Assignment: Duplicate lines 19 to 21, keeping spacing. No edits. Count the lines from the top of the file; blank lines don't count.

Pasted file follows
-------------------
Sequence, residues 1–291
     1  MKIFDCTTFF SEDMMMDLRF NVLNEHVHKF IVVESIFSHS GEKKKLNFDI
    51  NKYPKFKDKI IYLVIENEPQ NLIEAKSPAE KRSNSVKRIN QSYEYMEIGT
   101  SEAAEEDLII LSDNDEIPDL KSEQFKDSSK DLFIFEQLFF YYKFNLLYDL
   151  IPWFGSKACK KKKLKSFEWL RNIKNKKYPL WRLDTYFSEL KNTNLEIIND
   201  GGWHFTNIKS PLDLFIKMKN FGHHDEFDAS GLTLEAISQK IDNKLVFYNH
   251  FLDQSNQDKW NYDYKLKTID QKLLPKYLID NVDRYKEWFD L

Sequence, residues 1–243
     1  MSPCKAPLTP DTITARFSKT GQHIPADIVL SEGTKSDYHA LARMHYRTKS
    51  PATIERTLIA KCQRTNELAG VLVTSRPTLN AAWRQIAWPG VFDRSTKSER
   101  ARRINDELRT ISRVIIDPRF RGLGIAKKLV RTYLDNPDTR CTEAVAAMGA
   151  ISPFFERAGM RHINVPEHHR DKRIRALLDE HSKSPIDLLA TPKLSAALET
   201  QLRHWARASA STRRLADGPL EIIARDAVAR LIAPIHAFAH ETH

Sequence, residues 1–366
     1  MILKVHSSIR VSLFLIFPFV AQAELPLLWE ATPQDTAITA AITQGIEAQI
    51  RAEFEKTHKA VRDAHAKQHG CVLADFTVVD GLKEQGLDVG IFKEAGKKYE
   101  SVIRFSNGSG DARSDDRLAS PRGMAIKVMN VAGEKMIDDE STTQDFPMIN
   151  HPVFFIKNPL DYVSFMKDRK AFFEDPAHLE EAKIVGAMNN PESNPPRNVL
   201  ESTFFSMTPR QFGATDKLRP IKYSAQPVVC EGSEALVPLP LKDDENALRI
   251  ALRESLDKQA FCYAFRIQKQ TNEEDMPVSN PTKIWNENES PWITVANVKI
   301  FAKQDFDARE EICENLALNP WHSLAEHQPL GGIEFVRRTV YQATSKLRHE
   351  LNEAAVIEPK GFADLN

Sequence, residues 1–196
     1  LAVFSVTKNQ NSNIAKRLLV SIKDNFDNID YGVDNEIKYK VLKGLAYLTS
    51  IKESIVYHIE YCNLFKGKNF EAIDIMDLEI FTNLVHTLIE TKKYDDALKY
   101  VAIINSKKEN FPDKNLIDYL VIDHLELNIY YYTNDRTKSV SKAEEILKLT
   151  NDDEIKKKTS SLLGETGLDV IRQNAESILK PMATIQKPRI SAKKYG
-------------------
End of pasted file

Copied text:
   201  ESTFFSMTPR QFGATDKLRP IKYSAQPVVC EGSEALVPLP LKDDENALRI
   251  ALRESLDKQA FCYAFRIQKQ TNEEDMPVSN PTKIWNENES PWITVANVKI
   301  FAKQDFDARE EICENLALNP WHSLAEHQPL GGIEFVRRTV YQATSKLRHE